France did not always see victory, however. The surrender of France in June 1940 left the French worried for their future. Many believed that the government had let both the people of France and France, itself, down. The obstruction development created to give the Allies insight, assault the Germans whenever the situation allows and to help the getaway of Allied aviators. Some groups within the Resistance were violent in nature, aiming to hurt or kill the German occupiers; these were known as maquis.
Théodose Morel’s actions throughout the duration of WW2 and the French Resistance that rose, were admirable. On one occasion, Morel organized a single military force against Vichy forces- German forces. A new flag was hoisted with the saying Vivre libre ou mourir, “Live free or die.” Morel declared that the location in which the flag was hoisted, that it was the first corner of France that was liberated from Nazi control.
The ongoing force of the Resistance against Nazi Germany continued throughout the 1940’s. However, even a few of the Resistance soldiers had their doubts when it came to the ongoing battles they faced. On one occasion there was a young man within Morel’s battalion who tried to desert the armed forces whilst taking equipment with him. The risk of the other soldiers and the action of stealing from the military base, led to the young man being condemned to death. However, even in such moments of despair, Morel sympathized with the young man- even while he was put to death.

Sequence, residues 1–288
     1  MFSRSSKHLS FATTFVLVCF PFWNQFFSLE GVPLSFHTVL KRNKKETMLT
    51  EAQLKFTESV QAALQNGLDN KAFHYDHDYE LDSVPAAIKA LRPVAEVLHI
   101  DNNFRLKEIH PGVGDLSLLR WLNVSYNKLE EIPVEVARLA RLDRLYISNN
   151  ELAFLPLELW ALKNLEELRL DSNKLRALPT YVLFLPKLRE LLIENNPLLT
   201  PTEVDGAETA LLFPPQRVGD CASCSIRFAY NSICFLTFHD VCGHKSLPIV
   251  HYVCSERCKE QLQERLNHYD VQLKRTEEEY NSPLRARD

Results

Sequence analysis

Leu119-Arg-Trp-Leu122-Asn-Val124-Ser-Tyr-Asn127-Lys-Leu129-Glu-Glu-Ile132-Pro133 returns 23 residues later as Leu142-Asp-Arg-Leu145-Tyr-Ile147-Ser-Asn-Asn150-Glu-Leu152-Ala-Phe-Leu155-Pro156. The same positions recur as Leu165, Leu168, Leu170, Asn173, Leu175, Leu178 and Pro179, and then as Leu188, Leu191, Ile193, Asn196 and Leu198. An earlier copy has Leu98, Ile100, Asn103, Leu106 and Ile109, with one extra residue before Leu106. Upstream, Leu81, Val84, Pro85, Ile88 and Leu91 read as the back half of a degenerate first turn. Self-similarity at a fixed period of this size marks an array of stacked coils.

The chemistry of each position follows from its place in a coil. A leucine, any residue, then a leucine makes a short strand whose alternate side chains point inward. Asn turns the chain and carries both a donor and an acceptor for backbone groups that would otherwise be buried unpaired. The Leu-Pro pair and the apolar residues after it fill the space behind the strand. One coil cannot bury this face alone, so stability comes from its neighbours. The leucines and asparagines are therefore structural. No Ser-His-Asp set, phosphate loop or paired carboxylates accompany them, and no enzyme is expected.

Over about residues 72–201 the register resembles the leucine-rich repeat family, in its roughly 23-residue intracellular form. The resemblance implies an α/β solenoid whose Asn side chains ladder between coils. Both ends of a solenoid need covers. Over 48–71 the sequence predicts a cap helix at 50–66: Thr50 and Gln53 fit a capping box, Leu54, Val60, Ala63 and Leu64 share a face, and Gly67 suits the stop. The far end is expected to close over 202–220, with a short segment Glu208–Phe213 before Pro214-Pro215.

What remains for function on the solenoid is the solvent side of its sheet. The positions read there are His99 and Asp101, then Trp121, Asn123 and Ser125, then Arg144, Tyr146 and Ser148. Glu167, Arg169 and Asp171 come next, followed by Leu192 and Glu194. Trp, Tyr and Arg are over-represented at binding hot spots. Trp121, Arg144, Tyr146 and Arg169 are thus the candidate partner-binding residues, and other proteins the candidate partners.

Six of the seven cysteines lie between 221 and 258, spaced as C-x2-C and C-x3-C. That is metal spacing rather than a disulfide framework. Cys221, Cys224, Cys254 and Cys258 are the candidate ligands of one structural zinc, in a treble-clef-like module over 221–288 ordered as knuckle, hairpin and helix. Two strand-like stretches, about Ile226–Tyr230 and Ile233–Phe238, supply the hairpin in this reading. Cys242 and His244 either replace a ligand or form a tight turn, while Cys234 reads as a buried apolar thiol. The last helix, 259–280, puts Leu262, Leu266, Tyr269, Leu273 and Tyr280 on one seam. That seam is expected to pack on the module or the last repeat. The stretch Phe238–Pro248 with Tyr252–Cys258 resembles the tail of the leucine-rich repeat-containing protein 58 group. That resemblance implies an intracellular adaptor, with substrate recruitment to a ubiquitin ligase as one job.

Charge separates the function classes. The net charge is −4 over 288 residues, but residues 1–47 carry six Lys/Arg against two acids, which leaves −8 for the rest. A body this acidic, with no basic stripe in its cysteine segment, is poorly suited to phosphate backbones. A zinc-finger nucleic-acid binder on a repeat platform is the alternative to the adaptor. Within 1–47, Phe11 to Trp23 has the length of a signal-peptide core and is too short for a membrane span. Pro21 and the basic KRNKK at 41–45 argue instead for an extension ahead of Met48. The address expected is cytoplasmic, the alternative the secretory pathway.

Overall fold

As a leader of an armed force- especially one of the French Resistance- sympathy was not always looked upon. As a result of his sympathy, Morel’s battalion was replaced with another group by the head of the Milice.
Morel’s journey was cut short, however. By the age of 29, Tom Morel managed to serve as an impactful leader within the French Resistance. His bravery, however, led to his downfall.
By March 9th, seventy men led by Tom Morel crept down to the German-occupied valley and encircled a hotel in the village of Entremont. The men succeeded in entering the building and disarming some of the German-Nazis, but the commandant drew a revolver and shot Tom Morel through the heart. Humbert, Morel’s leading partner, instantly killed Lefèvre. But the revered leader of the maquis on the Plateau des Glières was dead.
Lieutenant Théodose Morel (1915-1944)
While Tom Morel was not responsible for the victory of France when it came to the German invasion throughout World War II, he was responsible for the individual battles that took place throughout the 1940’s. His victories were counted not only by the actual battles he won, but by the support he provided towards his men and other Resistance Fighters who struggled to see the possibility of France rising after the surrender that took place in the 1940’s.
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Maquis des glires, La Bataille. (n.d.). Retrieved from http://alain.cerri.free.fr/index4.html
MOREL, P. T. (n.d.). Promotion lieutenant Tom Morel 1987-1990. Retrieved from https://web.archive.org/web/20110831072636/https://tom-morel.dnsalias.net/
Musée de l’Ordre de la Libération. (n.d.). Retrieved from https://www.ordredelaliberation.fr/fr